Metaphysical neutrality in Logical investigations
One of the striking features of Logical Investigations is its metaphysical neutrality. What are the implications of this neutrality? Should it be counted among the many virtues of the work, or rather mourned as a fateful shortcoming? In an article published in the beginning of the 1990s, I answered this question rather unequivocally.1 At that time I considered the neutrality in question to be highly problematic. In the meantime, however, I have had the pleasure of reading Jocelyn Benoist’s recent work Phénoménologie,sémantique, ontologie, where he argues for the opposite conclusion, criticizing my own interpretation in the process. In the light of this criticism, I would like to use this occasion to reconsider the question anew.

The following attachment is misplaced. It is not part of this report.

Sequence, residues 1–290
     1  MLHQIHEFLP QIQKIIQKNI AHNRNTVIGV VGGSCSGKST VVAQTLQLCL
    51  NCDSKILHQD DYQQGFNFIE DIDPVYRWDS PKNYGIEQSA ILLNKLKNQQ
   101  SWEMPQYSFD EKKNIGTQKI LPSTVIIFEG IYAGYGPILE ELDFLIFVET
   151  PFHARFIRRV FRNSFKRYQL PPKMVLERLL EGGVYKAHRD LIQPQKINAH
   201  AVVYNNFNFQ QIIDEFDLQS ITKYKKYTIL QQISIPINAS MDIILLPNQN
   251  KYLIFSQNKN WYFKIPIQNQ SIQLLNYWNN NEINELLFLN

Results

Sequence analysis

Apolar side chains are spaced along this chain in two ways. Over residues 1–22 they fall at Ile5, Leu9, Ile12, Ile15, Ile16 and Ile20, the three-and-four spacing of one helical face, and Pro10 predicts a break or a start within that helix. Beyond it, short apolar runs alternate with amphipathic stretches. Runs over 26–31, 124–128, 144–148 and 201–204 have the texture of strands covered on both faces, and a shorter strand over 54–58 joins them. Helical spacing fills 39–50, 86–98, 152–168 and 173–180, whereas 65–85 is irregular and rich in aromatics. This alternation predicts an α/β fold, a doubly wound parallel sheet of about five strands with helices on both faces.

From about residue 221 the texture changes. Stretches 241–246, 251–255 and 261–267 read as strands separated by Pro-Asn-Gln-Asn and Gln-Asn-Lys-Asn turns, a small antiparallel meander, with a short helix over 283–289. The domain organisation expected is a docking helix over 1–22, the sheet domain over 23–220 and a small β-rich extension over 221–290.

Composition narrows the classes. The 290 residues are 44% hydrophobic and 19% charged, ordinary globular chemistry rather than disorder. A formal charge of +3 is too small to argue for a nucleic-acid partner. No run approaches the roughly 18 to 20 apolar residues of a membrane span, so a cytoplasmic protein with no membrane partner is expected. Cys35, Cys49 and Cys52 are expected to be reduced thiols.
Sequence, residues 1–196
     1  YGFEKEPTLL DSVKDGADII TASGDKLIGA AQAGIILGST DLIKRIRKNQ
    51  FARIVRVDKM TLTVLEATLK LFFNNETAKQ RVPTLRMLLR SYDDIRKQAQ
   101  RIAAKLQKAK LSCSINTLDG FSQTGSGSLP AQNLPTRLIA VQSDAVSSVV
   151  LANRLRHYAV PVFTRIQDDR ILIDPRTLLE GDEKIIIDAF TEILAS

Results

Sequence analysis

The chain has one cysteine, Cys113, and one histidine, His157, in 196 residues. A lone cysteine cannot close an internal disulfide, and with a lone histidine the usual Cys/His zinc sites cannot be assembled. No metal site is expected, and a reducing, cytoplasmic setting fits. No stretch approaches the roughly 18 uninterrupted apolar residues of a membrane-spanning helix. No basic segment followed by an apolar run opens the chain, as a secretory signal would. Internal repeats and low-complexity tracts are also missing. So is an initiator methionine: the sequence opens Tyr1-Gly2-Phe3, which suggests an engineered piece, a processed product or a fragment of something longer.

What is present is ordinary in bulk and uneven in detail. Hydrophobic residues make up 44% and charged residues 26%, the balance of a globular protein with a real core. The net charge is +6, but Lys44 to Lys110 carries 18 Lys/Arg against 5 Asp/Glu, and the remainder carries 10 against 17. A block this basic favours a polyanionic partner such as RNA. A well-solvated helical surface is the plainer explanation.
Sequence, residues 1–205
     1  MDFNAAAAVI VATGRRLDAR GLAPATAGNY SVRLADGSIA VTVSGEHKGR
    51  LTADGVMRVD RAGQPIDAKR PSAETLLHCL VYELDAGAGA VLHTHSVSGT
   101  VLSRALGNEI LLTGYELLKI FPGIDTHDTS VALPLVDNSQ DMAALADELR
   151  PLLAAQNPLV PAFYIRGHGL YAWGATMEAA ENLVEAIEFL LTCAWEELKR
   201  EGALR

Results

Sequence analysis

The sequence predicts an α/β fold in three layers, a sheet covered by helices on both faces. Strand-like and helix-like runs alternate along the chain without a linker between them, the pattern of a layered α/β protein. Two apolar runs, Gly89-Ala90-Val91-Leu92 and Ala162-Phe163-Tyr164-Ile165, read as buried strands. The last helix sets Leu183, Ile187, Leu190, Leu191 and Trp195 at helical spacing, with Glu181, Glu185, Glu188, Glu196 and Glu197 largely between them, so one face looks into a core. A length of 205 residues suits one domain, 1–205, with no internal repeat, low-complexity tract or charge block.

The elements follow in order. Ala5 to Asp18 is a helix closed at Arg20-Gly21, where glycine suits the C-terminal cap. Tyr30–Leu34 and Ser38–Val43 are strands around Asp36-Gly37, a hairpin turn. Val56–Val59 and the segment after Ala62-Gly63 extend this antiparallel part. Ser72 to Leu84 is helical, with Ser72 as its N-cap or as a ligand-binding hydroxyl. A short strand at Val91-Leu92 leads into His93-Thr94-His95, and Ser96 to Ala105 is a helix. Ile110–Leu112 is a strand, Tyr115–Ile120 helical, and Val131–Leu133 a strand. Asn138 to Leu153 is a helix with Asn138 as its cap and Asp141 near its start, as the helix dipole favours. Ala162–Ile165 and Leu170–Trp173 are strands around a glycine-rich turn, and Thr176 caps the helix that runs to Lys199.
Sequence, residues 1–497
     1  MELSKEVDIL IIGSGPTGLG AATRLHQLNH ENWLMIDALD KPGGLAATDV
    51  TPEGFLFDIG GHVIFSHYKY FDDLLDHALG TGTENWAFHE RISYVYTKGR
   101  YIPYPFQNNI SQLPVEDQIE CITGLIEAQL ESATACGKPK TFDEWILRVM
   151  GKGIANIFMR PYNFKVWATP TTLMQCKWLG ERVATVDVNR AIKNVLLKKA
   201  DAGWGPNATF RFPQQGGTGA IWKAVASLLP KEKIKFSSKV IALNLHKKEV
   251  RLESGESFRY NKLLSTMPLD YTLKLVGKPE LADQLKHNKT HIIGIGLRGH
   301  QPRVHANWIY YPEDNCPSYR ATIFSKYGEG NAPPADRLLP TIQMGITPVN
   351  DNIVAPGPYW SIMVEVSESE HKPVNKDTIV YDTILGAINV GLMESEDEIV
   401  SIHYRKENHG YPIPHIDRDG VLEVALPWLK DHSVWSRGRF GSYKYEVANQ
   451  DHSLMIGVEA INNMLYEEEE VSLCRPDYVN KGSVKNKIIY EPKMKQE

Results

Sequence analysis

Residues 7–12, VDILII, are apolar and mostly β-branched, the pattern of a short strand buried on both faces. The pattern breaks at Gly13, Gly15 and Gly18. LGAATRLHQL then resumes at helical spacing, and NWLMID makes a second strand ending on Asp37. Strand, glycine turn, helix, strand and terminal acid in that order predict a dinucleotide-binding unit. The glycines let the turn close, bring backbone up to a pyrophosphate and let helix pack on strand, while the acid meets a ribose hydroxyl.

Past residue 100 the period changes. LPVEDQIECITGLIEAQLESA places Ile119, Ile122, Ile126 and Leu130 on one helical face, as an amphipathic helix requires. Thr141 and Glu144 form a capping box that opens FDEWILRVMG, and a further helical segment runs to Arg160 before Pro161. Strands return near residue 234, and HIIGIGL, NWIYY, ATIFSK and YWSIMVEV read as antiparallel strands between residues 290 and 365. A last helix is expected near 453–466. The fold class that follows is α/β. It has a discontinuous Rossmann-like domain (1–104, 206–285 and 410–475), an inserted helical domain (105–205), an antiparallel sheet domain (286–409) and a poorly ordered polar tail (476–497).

Full citation [Harvard style]:
Zahavi, D. (2002)., Metaphysical neutrality in Logical investigations, in D. Zahavi & F. Stjernfelt (eds.), One hundred years of phenomenology, Dordrecht, Kluwer, pp. 93-108.
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